Pneuma: Breath Of Life holds the unenviable position as being the Xbox One’s first Unreal Engine 4 powered game. The console timed exclusive also hits PC the very same day, with Oculus Rift support to boot. With all of this new technology being brought to bear, the question is, have Deco Digital and Bevel Studios created something genuinely enjoyable, or merely technically impressive?
The game’s vaunted set-up is as an exploration of the ontological mystery of The Breath Of Life. What that translates to is a journey through various motion-driven puzzles, witnessed and affected by the actions of a God, whose monologue ponders upon his own existence, and of that around him. You start in darkness, only to have the world form around you as you progress, with creation of the world seemingly in your character’s nature.
That disembodied monologue, for many, may be a defining factor of the game, and whilst occasionally amusing at the outset, very often I found his philosophical musings annoying and flippant. After a while the voice began not to fit with the game’s other design elements, with both the visuals and the music lending a relaxed but grandiose atmosphere that seems out of sync with the increasingly hyperactive theoretical spoutings of the central character.
Some of his later speculation actually sounds like a rushed reading from a philosophy textbook, and is gone so fast that the player is unlikely to have taken in whatever meaning the designers were aiming for. However, a pivotal moment later in the narrative sees the voice reassert itself as a character, and though I couldn’t quite forget my earlier annoyances, some of them were forgiven.
The inital gameplay dynamic is that ‘as the door is watched, it can be opened’, with your progress halted by various gates and doors. The simple dynamic requires you to find the corresponding glowing eye which causes doors to open as long as you’re observing them. This results, at least at the outset, in a portion of walking through doors backwards, which though clearly the answer to the puzzle, didn’t feel particularly clever. However, as with all puzzle games, the tougher moments required some serious consideration, with their completion certainly empowering me.
All of the puzzles are based upon your character’s motion and interaction with the world, with nothing more than your observational skills and the occasional in-game button to press. Sometimes I did find the method of controlling the moveable elements to be a bit troublesome, and with the only way to stop observing many of the puzzles to be to look away, you will spend some time intentionally staring at the floor or the ceiling.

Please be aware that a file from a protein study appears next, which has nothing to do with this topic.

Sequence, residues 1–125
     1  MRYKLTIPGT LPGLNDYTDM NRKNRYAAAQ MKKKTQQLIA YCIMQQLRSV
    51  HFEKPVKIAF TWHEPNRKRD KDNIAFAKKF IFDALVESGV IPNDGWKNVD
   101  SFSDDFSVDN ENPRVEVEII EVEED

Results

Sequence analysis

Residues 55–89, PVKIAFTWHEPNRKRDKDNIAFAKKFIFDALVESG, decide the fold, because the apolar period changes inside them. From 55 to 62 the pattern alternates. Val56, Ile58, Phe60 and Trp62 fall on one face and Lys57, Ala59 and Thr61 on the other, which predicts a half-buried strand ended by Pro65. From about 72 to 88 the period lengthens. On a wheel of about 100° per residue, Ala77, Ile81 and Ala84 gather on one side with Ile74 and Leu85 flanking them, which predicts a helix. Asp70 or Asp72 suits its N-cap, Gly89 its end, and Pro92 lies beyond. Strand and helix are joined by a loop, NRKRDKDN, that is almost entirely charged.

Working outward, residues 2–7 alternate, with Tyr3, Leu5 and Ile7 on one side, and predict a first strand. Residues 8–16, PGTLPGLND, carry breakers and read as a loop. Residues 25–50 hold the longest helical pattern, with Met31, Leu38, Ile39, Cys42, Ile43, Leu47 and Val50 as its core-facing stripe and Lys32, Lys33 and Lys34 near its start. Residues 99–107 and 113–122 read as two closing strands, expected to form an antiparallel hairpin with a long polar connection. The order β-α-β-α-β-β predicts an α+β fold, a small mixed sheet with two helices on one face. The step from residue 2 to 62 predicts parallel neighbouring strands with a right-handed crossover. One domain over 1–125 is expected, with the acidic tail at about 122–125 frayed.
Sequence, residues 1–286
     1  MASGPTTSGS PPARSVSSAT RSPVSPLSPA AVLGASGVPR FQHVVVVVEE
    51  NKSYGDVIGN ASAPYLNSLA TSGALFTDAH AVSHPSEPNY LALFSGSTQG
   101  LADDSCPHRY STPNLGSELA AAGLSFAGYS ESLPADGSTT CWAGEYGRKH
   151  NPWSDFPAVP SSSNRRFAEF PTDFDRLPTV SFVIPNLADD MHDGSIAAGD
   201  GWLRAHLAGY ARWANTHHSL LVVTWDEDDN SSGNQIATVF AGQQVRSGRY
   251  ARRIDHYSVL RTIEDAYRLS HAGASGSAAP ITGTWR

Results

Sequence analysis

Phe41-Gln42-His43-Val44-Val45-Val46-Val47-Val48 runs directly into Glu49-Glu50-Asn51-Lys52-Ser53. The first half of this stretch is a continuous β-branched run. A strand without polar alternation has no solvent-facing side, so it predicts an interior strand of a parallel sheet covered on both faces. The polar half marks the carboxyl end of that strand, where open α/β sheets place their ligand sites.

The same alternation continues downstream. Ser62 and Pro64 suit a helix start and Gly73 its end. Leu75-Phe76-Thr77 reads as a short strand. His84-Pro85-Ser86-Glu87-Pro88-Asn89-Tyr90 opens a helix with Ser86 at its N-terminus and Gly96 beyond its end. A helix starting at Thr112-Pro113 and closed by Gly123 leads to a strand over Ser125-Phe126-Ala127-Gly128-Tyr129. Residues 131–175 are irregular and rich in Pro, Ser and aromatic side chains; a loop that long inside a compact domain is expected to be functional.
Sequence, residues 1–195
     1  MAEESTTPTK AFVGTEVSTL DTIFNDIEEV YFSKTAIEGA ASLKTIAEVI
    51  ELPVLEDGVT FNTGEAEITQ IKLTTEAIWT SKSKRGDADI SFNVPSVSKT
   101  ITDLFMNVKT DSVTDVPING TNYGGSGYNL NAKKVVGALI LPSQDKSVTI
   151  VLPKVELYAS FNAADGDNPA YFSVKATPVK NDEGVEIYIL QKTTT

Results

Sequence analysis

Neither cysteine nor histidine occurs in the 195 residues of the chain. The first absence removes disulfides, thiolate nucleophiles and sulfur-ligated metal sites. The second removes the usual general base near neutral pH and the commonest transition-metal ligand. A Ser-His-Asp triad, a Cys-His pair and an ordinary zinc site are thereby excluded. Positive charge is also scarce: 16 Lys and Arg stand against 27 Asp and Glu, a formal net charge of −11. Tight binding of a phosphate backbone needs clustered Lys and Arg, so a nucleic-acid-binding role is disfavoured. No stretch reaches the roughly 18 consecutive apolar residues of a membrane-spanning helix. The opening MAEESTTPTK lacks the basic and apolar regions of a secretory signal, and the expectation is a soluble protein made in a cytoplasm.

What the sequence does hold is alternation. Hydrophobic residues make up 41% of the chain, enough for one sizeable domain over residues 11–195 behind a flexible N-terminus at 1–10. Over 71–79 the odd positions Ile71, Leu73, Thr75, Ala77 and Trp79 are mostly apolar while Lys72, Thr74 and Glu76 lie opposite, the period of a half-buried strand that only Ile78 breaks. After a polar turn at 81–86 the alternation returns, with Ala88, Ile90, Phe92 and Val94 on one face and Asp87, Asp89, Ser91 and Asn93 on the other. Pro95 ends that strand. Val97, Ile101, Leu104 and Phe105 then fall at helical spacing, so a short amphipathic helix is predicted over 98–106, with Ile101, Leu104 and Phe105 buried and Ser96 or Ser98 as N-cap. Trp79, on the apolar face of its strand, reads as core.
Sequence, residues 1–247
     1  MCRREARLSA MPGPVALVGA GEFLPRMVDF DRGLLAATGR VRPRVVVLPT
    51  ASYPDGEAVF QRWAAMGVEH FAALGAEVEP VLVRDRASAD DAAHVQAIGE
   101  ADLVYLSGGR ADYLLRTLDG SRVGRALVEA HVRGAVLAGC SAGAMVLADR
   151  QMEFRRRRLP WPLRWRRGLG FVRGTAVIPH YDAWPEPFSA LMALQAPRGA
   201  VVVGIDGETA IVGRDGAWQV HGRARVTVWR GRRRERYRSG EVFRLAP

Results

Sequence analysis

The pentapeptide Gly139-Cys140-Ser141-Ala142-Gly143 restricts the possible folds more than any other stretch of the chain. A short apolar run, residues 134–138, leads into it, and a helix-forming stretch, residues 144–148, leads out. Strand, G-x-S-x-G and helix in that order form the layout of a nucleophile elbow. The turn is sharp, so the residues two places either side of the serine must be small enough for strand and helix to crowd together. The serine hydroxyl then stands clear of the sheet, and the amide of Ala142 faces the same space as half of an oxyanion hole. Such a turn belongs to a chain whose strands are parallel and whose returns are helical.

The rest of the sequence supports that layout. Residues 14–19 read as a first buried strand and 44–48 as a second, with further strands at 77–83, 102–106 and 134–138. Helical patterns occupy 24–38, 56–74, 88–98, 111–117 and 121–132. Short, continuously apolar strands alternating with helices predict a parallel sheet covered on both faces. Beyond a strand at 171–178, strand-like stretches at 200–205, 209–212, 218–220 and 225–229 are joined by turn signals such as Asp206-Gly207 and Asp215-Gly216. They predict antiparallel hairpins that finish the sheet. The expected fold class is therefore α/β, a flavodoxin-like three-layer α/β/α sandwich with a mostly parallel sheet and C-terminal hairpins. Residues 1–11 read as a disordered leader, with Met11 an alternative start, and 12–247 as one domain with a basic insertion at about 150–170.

There are definitely sticking points, and the difficulty level is inconsistent, but overall it’s not an particularly taxing affair. I spent approximately three hours making my way through the game, and with the runtime being relatively short across the six main chapters as well as the prologue and epilogue, it’s clear that the designers want you to experience the whole of what they’ve created, rather than give up before making it to the end. It’s a decision that makes sense in context, as that final narrative payoff is hugely important to what you take away from the game.
Those Unreal Engine 4 visuals are a big selling point, and in Pneuma they’ve been put to use in classical fashion, with your controllable God finding his way through the remarkably reflective marbled interiors and exteriors of impressive Romano-Grecian temple architecture, with a brief sojourn through the outside world. From a technical point of view the game runs well on Xbox One, though there are very occasional graphical glitches, screen tearing and the odd dropped frame when swiftly panning the camera. All in all though, and especially considering its indie status, Pneuma is a very attractive game within the confines of its design.
One of the earliest taglines that drew me to the game was that it was ‘a story that could only be told through the interactive medium of video games’. That premise holds up, though to be any clearer would rob the game of its defining strength. It’s an enjoyable puzzler, though not one which should tax you too much, but its overarching premise, and its use of the God’s monologue to tie it all together, are really the main reason for playing. I can’t help but wonder though, that, as with all philosophical thought, people’s responses to the game will be entirely individual and that the central character’s imperfection may not sit well with some players.
Pneuma: Breath Of Life is a game that I urge you to experience. It’s not perfect, but in a way that fits entirely with its own outlook, and its effectiveness as a story is both thought-provoking and surprising. Pre-conceptions aside, it is certainly an intriguing and unique title that explores elements of philosophy and life often left untouched by gaming.
Version tested: Xbox One
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